São Vicente is a village on the north coast of Madeira, at the end of the valley that was the birthplace of the island. We were keen to take our grandchildren to walk where lava once flowed, so organized Ricardo and his taxi to take us across the island from Funchal to São Vicente, on a road where the latter part was prone to landslips and where there had been bad flooding a few years ago.
We arrived at the Volcanism Centre and Caves of São Vicente with only a short time to wait until the next guided tour.
The centre provides visitors with audiovisual demonstrations of volcanic eruptions and the birth of an island as well as a walk through São Vicente’s volcanic caves, walking where lava once flowed.
The caves comprise a number of lava tubes, the result of a volcanic eruption four hundred thousand years ago. The area covered by the volcanic tubes is over 1000 meters in length, the largest that has been discovered to date on the island. Some of the tubes have been dug out, with the floors lowered, to allow exploration.
The last time we visited the caves the weather was dry but we were advised to wear light rain jackets because of drips coming through the ceilings. But apart from the odd plop of cold water on our heads the ground was dry and easy to walk on.
This time, there had been heavy rain prior to our arrival so it was wet underfoot with a few puddles, and many more drips from the roof. The plus side of this was that the underground pools of water looked more spectacular in the eerie lighting.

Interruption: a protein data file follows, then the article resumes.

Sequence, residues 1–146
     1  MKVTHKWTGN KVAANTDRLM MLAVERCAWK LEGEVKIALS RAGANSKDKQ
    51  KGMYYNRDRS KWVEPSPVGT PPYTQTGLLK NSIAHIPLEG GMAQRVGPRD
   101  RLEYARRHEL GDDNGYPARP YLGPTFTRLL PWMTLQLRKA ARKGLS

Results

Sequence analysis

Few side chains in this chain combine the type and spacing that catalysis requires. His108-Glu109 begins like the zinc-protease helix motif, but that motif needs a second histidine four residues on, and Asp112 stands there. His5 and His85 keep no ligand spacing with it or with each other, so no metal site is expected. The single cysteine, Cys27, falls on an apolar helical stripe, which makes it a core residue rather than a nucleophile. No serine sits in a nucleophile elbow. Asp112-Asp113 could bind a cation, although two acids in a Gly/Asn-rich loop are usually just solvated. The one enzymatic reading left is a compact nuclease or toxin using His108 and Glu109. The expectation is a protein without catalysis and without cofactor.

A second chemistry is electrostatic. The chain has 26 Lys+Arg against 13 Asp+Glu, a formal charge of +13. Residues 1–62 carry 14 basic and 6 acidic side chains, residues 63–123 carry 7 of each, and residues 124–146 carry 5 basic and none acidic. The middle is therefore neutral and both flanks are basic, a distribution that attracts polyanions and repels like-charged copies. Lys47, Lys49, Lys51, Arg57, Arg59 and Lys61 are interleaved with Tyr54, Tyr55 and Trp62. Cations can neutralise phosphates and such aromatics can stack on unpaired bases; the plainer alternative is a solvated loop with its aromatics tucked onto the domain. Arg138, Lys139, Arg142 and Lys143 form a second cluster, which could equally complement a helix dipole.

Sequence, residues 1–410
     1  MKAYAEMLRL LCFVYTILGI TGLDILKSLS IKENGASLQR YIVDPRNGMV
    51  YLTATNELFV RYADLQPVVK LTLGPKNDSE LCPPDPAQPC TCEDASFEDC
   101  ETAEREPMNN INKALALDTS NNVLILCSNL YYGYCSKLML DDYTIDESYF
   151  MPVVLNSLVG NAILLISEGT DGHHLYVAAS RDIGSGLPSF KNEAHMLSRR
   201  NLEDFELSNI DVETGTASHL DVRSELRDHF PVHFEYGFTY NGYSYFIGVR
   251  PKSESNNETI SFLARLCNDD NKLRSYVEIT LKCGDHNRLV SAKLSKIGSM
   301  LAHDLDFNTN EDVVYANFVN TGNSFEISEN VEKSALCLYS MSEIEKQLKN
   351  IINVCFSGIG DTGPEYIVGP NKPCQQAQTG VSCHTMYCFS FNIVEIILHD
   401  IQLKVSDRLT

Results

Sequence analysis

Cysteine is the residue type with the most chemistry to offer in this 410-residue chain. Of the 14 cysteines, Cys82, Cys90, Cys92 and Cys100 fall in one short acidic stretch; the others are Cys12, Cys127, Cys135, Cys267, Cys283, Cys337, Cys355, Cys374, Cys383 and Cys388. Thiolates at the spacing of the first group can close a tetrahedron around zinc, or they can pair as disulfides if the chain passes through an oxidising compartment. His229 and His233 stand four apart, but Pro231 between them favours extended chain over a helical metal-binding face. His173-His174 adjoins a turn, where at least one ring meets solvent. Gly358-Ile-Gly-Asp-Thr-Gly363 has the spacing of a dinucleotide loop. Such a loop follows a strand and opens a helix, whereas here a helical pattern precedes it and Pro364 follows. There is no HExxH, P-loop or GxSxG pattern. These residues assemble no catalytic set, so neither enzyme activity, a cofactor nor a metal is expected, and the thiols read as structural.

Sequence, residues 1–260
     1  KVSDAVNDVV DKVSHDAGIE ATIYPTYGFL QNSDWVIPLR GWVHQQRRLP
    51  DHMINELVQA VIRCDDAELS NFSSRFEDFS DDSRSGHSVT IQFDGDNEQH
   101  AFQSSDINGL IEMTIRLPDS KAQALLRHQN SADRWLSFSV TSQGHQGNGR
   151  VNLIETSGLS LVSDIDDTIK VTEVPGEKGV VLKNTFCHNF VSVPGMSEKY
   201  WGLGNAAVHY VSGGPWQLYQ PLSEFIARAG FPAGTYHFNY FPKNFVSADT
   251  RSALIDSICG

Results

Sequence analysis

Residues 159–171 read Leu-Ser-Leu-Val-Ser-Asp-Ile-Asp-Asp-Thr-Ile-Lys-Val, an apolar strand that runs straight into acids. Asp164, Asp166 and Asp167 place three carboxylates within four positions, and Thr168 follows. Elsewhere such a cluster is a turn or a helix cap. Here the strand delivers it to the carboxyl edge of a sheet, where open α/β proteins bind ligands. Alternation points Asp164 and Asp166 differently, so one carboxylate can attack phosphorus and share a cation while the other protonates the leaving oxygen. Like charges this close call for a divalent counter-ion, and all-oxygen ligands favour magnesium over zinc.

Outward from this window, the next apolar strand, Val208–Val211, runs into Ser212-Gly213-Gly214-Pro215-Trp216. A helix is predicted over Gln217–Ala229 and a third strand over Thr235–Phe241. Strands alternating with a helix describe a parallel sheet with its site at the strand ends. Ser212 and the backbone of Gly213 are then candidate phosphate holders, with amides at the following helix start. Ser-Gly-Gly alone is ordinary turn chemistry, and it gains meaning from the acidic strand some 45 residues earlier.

The walk through the mountain is around 700 metres long, taking around 30 minutes. I found it fascinating to see the striations and patterns left when the lava surged though, parts of it reminiscent of intricately carved cathedral roofs.
In places where there were lights plants grew, luminously green despite the lack of natural light, their seeds deposited by the water that seeps into the tubes through the rock above. The temperature here is fairly constant about sixteen degrees centigrade I seem to remember.
The pools we came across took our breaths away and caused bottlenecks on the narrow path as we all stopped to take photographs.
A truly amazing walk through the entrails of the earth during which visitors can admire volcanic stalactites, lava accumulations, known as ‘lava cakes’, and the ‘erratic block’ – a large boulder carried by the lava that, because of its size, became stuck in one of the lava channels.
Our grandchildren looked slightly apprehensive as it was the first time they had ventured underground, but I’m sure they’ll remember aspects of their trip with fascination.